The exposed portion of the beach between the beach face and the landward limit of storm-wave influence.
The seaward return of water following the uprush on the beach face; also, water thrown back by an obstruction, such as a ship, breakwater, or cliff.
An elongate, slightly submerged sand body that may bare at low tide (for example, breakpoint-bar, longshore bar).
Part of the beach that extends from the breakpoint-bar to the berm crest and is covered by the surf zone and swash. Syn: foreshore.
A sandy shorezone (barrier beach), island (barrier island), or spit (barrier spit) that extends roughly parallel to the coastal trend but is separated from the mainland by a relatively narrow body of water. Usu. contains sand dunes.
A coarse gravelly deposit of sand, pebbles, cobbles, or boulders forming the lowest member of strata that lie unconformably on a surface of erosion; esp. a coarse-grained beach deposit formed during a stillstand in sea level. Compare: conglomerate, wave-cut terrace. Syn: marginal conglomerate.
Dark-colored, mafic, fine-grained extrusive igneous rocks that are the fine-grained equivalent of gabbro. Basalt is the common material of oceanic crust and oceanic volcanoes.
(Coast) A curving, open indentation of a sea or lake into the land, usu between two headlands. A bay is larger than a cove and smaller than a gulf.
A zone covered by broken waves and unconsolidated deposits of wave worked material. It consists of the foreshore or bar-berm and the backshore. Syn: shore.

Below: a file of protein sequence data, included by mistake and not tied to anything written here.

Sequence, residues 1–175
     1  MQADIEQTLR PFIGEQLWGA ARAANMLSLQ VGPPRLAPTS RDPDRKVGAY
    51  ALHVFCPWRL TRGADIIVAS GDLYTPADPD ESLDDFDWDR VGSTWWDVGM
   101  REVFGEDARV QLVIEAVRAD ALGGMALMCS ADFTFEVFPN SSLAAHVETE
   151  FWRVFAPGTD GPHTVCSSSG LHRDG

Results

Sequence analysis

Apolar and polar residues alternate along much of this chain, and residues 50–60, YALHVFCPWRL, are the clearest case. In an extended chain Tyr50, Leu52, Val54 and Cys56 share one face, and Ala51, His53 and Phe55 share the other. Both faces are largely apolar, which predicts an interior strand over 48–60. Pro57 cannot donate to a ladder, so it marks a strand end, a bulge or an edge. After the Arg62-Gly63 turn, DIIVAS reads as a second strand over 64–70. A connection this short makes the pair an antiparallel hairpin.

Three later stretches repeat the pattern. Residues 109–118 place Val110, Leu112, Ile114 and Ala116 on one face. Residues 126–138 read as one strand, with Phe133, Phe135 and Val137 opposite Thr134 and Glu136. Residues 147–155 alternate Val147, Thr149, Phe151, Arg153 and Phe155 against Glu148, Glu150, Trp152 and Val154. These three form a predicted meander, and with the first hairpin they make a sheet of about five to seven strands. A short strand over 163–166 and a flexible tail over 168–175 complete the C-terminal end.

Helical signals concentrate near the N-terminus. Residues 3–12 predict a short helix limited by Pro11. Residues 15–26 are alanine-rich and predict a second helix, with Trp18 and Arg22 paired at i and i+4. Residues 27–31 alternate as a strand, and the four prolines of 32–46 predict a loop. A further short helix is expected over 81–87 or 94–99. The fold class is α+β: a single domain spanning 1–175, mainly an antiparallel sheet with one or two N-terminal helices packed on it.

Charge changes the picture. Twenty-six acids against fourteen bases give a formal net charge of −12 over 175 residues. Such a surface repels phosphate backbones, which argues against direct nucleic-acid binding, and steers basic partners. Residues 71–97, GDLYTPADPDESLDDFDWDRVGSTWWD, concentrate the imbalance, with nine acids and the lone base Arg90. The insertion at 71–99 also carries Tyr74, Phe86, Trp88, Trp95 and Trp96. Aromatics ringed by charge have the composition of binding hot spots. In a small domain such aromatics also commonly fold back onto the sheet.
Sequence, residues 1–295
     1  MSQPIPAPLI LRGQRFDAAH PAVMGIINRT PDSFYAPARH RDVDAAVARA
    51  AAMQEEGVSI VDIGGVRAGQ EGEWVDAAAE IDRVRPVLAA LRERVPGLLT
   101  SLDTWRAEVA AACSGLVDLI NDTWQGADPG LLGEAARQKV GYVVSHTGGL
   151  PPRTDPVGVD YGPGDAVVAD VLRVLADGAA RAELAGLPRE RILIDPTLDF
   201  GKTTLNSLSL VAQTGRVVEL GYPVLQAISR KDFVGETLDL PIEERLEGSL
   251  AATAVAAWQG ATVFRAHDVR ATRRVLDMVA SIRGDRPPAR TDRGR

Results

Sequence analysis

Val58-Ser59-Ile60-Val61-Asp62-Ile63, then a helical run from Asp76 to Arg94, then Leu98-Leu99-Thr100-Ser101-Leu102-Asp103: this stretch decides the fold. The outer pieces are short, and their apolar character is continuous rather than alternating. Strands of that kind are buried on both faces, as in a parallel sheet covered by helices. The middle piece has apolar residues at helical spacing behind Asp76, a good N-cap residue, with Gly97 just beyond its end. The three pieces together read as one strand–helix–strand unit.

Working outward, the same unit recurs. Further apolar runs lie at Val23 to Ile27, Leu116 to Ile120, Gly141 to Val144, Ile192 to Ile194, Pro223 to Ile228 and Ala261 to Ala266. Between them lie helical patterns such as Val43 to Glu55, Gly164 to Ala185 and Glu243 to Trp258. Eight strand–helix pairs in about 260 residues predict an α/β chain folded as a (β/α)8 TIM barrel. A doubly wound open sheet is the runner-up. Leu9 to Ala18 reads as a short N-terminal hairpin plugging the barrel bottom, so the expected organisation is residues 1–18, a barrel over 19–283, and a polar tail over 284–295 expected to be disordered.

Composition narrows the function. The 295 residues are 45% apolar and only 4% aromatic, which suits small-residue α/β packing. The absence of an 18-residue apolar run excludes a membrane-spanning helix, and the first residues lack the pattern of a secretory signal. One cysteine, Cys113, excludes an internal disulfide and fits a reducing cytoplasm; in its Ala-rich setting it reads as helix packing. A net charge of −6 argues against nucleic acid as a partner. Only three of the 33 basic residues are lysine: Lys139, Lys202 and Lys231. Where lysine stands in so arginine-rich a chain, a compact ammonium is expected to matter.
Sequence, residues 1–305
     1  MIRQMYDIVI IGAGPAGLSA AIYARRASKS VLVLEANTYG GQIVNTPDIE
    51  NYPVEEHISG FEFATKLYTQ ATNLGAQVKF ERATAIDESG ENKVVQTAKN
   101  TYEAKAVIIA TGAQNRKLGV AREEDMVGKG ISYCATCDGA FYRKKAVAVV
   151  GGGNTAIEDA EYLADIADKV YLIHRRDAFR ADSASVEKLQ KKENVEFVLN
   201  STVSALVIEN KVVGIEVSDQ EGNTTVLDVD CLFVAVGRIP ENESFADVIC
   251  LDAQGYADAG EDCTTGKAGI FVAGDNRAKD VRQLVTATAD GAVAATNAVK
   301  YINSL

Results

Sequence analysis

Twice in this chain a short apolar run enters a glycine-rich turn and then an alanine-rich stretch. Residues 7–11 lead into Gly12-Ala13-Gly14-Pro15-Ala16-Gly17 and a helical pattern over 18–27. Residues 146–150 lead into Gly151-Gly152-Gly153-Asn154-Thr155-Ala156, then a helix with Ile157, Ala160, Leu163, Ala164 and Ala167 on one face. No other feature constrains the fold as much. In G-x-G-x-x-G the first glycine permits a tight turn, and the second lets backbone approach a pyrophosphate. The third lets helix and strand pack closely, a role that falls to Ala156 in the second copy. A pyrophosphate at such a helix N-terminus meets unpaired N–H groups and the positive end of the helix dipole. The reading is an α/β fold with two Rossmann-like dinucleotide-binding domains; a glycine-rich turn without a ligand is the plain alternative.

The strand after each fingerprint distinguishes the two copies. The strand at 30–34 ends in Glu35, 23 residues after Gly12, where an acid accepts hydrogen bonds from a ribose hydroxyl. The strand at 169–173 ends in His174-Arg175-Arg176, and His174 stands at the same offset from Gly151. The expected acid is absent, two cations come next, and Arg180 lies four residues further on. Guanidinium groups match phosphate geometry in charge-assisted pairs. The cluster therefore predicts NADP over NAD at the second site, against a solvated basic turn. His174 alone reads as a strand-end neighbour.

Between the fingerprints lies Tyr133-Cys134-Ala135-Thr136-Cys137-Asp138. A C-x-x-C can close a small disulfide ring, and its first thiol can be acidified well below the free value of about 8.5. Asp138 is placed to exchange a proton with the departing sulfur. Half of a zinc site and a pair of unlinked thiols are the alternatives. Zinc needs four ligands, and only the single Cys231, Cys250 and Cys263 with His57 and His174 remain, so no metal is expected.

Sediment moved in sliding and rolling mode along the bed. Syn: contact load.
The sloping section of the beach normally exposed to wave swash; it occurs between the (low-tide) terrace and the berm crest.
General term for the rock, usu solid, that underlies soil or other unconsolidated, superficial material.
The nearly horizontal part of a beach that is adjacent to and above the beach face.
Break in slope between the beach face and the berm; a position marking the highest runup of the swash.
Coasts where organic processes and organic growth dominate the shorezone. Typical examples include shorezones formed by coral reefs, serpulid reefs, oyster reefs, mangrove plants, and marsh grass.
Requirements set at the boundaries of a system that insure that the flow of mass, momentum, and energy across those boundaries match with the gains or losses of those properties in the environment that surrounds the system. When the system boundaries are deformable, boundary conditions also require an accounting for the change in shape of the boundaries.
(Wave) A sea-surface wave that steepens and collapses, usu into a turbulent bore that crosses the surf zone and runs up the beach face. Waves shoal and break in water depths equal to or slightly greater than the height of the breaker.
A bar that is commonly at or near the breakpoint of the waves.